Focusing on the short term

Long term goals are great motivators.  But the way you get there is by adding up enough good, productive individual days.  And that means focusing on short term goals, too.

For students heading back to school today, just worry about having a good, productive day you can be proud of.  Pay attention in class.  Ask questions.  Use your homework time as a time to really learn the material rather than just get it done as quickly as possible.  Bring some effort and enthusiasm to your activities.  Smile.  Be nice to people (including your parents, your teachers and your counselor).   When you finish the day, be honest with yourself about whether or not you really did your best in all those areas.  If you didn’t, don’t beat yourself up.  Just resolve to be better the next day.

Add up enough individual days like that, and you're bound to be happy with the outcome.

And while you're at it, remember that while nobody said reaching any of your goals would be easy, there's no law that says you have to be miserable to be successful.  Make sure that the pursuit of both your short term and long term goals actually makes you happy, too.

You can get more out of it…or less

Seth Godin wrote on his blog last week:

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You can either seek to get more out of an opportunity (job, technology, interaction, person, moment), or less.  More exposure, more risk, more upside, more work, more learning, more engagement, more passion, more chance to be blamed, more opportunity to make a difference, more effort…or less."

What does that look like for a high school student?

You can sit in your trigonometry class and take notes that just copy what your teacher writes on the board.  Or you could get more out of it.  Don’t just copy the problems—write the steps on separate lines.  Include your own commentary.  When you don’t understand something, raise your hand and ask a question.  Or go see your teacher immediately after class.  Treat this class time like study time.  Get more out of your time there.

You can attend meetings of the Red Cross Club, sit quietly, listen, and maybe think about running for an office one day.  Or you could go to each meeting looking for opportunities to actually do things.  You could offer to pitch in and help the officers.  You could ask questions, contribute your own ideas, and recognize those people who are doing a great job.  If you’re going to go to the meeting, why not get more out of it?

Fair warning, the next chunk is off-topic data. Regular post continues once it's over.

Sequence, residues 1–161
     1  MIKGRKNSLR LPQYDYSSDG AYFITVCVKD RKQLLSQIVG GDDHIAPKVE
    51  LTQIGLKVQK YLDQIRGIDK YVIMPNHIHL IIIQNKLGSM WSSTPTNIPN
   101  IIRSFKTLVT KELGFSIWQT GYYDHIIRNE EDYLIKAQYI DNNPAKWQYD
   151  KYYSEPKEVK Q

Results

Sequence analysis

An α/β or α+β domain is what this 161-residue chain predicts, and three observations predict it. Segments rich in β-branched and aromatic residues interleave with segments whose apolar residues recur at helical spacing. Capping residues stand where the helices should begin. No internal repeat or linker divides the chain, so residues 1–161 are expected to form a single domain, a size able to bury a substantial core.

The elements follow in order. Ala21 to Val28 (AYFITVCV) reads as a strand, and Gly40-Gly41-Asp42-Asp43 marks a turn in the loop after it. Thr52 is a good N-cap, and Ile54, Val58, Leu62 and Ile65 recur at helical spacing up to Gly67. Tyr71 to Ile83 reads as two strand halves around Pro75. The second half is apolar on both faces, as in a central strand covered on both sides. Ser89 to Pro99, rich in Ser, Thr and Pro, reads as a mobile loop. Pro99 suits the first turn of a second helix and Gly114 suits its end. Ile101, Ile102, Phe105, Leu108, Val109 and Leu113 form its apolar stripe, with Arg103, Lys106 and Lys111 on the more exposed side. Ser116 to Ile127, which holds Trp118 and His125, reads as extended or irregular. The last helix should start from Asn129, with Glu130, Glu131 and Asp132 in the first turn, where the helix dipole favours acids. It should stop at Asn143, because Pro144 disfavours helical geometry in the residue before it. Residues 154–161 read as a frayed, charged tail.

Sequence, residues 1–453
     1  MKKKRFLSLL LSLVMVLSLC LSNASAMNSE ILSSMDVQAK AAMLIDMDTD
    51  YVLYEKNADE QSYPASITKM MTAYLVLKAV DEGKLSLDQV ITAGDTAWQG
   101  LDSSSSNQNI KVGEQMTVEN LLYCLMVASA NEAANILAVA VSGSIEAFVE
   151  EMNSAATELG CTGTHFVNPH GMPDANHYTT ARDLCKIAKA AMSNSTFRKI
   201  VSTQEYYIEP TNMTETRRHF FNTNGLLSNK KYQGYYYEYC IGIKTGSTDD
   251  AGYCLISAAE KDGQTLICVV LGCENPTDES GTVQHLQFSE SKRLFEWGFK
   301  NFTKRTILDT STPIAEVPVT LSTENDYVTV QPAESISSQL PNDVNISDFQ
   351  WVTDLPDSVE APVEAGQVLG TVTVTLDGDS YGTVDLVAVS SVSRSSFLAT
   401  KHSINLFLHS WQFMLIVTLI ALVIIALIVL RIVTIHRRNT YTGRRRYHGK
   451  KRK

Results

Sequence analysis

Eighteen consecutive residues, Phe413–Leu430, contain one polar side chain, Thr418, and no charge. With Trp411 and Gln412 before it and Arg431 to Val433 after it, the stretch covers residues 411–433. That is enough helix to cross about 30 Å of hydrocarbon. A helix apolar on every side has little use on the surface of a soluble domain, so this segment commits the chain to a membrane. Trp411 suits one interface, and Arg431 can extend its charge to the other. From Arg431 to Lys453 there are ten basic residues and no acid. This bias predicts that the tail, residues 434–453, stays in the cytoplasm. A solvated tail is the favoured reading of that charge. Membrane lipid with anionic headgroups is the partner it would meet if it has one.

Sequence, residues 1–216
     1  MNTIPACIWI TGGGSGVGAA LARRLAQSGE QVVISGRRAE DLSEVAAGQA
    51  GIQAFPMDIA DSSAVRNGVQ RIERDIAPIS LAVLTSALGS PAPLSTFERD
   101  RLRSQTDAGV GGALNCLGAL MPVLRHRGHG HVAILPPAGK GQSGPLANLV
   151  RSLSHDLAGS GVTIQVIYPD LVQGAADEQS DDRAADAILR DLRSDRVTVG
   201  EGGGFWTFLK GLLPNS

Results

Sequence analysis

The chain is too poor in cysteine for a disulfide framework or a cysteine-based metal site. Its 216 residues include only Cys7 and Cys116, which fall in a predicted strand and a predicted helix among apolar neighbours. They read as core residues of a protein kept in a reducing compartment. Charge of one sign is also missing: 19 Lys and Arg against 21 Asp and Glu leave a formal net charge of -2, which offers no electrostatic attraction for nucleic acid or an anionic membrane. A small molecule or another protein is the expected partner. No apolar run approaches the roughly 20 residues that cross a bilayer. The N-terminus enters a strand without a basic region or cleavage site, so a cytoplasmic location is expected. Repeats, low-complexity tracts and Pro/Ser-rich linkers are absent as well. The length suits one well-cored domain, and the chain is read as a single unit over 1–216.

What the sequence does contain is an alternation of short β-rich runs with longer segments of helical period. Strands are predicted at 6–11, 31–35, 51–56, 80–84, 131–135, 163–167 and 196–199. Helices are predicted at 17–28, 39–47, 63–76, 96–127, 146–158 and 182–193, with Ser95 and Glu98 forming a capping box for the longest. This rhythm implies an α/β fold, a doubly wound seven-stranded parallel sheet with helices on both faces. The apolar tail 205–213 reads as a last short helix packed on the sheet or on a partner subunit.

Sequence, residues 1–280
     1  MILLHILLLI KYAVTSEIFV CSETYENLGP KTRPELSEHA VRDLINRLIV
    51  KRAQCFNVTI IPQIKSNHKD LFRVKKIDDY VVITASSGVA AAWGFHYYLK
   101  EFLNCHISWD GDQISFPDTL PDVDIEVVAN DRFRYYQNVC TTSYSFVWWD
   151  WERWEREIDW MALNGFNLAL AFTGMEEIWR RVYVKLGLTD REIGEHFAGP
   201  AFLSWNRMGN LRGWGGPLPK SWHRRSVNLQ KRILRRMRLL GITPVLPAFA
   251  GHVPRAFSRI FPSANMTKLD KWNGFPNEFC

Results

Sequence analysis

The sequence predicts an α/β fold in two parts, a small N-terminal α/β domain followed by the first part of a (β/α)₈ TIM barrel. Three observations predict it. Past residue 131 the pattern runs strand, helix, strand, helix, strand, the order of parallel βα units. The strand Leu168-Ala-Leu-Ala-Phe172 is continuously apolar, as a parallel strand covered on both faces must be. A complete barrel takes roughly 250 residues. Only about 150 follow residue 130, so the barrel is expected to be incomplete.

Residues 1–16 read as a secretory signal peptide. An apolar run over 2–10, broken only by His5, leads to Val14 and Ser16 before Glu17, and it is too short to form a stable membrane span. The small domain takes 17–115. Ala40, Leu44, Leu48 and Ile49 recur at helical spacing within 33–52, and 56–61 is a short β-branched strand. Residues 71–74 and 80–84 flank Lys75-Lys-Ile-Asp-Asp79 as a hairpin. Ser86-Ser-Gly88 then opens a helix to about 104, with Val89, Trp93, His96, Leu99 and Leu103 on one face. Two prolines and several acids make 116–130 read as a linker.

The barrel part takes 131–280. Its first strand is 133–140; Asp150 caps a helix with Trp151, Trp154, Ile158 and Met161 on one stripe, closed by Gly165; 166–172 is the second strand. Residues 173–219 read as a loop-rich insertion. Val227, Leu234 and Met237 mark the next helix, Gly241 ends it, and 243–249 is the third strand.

When you meet with your counselor, when you audition for the school play, when you visit a college or take a cooking class or even just plan an evening with your friends, how could you get more out of it?   The best part of this is that the answer is entirely up to you.  Nobody’s stopping you from getting more out of what you do.   

Lies people tell high school freshmen

For new freshmen starting school next week, it's important that you get the right information about how to get into college.  So you're going to need to learn to spot bad advice.  Here are five lies a lot of freshmen hear when they start high school.  Anyone who tells you these are true is probably not someone you want to go to for academic or college advice.

1. The freshman year doesn’t count for college admissions.

The freshman year is always the least important year when colleges evaluate you (they figure you’re just trying to find the school every day). But that doesn’t mean the freshman year doesn’t matter at all. Lots of colleges, particularly private schools, will look at the freshman year.  And since your academic performance as a freshman influences what classes you’ll be able to take as a sophomore, it matters for pretty much every college. So don’t panic if you have a stumble here or there while learning the ropes of high school. But don’t blow off your freshman year, either.

2. Colleges like students who hold leadership positions.

When people say, "Leadership looks good on your college applications,” it implies that leadership is somehow better than other activities. Colleges do like leadership. But they don’t like it more (or less) than athletics, art, music, community service, taking cooking classes, writing for the newspaper or any other activity that you really care about and make an impact doing. Colleges don’t have a magic list of activities that look “good.” They just want to see that you have the initiative and passion to find things you love doing and to commit yourself to them.

3. (Insert name of teacher here) is a terrible teacher.